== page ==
I am writing to highlight the plight of the US Virgin Islands after receiving a devastating ‘knock out’ by hurricane Irma and Maria.
The day before Hurricane Maria demolished Puerto Rico, Sept 20, 2017, she destroyed the United States Virgin Islands, also called the America’s Paradise, a group of islands in the Caribbean that is located 40 miles (64 km) east of Puerto Rico. The U.S. Virgin Islands consist of the main islands of St Croix, St John, St Thomas and Water Island.
For some strange reason, the media coverage is almost non-existent. I’ve debated with this question for years, ‘If a tree falls in the forest, and there’s nobody around to hear, does it make a sound?’ I’ve flipped-flopped for years, “Yes, it made a sound and No, it didn’t.” But after the lack of coverage during and after the devastating effects that has crippled St. Croix by Hurricane Maria, I will never debate (with that question) again. Yes, if the tree fell in the forest, it made a sound. Even though there is lack of media coverage of this disastrous storm, yes, Maria wrecked St. Croix.
Let’s back track to Sept 6, Irma, a category 5 hurricane, arrived, hammered and ruined St. Thomas, St. John, the British Virgin Islands and other Caribbean islands. All lines of communications were lost while families and friends flooded social media with prayers and cries, just wishing they can hear one word about their love ones. Strangers wept as people posted frantic emotional messages about their love ones. No one cared if the person was black or white, female or male, Muslim or Christian, Straight or Gay, Democrat or Republican, Trump lover or Trump hater, the gift of life was in jeopardy and that’s all everyone cared about.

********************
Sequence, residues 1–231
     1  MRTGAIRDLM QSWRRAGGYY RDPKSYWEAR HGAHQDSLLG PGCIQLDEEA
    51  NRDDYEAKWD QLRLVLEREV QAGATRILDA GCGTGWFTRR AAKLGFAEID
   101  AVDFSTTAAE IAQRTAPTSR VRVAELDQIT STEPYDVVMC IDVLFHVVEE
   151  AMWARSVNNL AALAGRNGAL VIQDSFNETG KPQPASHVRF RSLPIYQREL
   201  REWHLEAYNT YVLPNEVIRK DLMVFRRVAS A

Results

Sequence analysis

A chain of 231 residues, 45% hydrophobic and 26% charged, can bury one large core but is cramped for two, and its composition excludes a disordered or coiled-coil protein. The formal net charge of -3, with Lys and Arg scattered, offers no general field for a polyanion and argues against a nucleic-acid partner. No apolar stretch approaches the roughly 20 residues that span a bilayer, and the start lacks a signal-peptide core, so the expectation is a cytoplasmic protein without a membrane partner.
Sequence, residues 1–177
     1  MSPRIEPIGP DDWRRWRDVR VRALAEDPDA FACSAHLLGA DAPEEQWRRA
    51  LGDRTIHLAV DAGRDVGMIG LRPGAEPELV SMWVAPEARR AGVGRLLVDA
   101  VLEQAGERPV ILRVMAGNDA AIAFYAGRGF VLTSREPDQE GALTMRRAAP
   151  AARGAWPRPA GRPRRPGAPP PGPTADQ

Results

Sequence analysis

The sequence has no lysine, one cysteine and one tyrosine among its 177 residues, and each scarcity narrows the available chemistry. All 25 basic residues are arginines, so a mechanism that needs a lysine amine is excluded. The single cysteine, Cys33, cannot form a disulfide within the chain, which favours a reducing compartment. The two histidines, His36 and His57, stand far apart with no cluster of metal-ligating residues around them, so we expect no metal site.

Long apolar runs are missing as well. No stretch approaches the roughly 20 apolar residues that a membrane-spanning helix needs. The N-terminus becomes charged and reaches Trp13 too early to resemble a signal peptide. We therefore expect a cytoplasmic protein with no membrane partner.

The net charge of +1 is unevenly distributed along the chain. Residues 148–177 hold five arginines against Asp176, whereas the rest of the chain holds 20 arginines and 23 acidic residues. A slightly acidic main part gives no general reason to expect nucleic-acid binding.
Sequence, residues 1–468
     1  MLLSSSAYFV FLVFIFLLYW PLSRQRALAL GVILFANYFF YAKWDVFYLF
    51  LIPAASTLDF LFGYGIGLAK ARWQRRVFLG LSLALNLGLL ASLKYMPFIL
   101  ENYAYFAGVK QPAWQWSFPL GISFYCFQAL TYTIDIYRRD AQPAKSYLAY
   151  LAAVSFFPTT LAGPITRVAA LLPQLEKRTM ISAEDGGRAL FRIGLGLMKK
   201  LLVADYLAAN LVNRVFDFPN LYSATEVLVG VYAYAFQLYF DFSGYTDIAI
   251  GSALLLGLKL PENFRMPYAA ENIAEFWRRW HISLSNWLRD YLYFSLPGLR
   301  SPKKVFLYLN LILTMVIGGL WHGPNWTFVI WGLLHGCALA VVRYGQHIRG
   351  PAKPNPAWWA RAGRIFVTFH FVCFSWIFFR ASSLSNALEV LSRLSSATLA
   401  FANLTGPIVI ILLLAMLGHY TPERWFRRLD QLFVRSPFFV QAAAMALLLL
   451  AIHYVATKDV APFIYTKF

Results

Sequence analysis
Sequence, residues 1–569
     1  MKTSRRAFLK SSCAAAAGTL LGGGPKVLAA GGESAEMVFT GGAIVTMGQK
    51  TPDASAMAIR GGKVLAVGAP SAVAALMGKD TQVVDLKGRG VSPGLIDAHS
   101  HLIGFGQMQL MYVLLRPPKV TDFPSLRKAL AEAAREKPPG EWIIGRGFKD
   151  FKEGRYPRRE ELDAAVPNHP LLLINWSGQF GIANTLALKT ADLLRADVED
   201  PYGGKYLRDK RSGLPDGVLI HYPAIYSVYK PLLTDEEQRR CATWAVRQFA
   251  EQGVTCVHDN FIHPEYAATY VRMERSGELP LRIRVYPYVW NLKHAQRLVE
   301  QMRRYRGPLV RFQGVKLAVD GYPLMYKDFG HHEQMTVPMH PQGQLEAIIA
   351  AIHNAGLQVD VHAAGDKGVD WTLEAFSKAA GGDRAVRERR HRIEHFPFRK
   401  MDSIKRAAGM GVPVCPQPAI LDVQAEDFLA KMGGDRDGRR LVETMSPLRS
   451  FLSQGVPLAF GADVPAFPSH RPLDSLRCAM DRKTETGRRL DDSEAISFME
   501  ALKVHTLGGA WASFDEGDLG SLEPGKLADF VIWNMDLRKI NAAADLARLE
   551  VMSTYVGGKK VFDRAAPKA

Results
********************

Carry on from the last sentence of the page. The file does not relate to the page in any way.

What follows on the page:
The next day, Thursday, Sept 7, not a social media post, not a telephone call, not even the two little blue checkmarks that normally appeared on Whatsapp was visible. Then on Friday, Sept 8, I received a Whatsapp message, “Hello my friends and relatives. I am fine and so are my daughters. The island is in ruin. Thank God… we are alive. The hospital is damaged and has to be abandoned. I am at work now but all the patients will be out by tomorrow. Thank for checking. Keep praying. Love you! Stan.” My friend (with whom I spoke) is a nurse in St. Thomas hospital and when I received his message, I was relieved that I finally received a message that there is still life on St. Thomas, but then water flooded my eyes, my fellowmen lives remain in jeopardy. I felt helpless and that’s the worst feeling. There is not an exact count yet, but Irma claimed some lives on St. Thomas.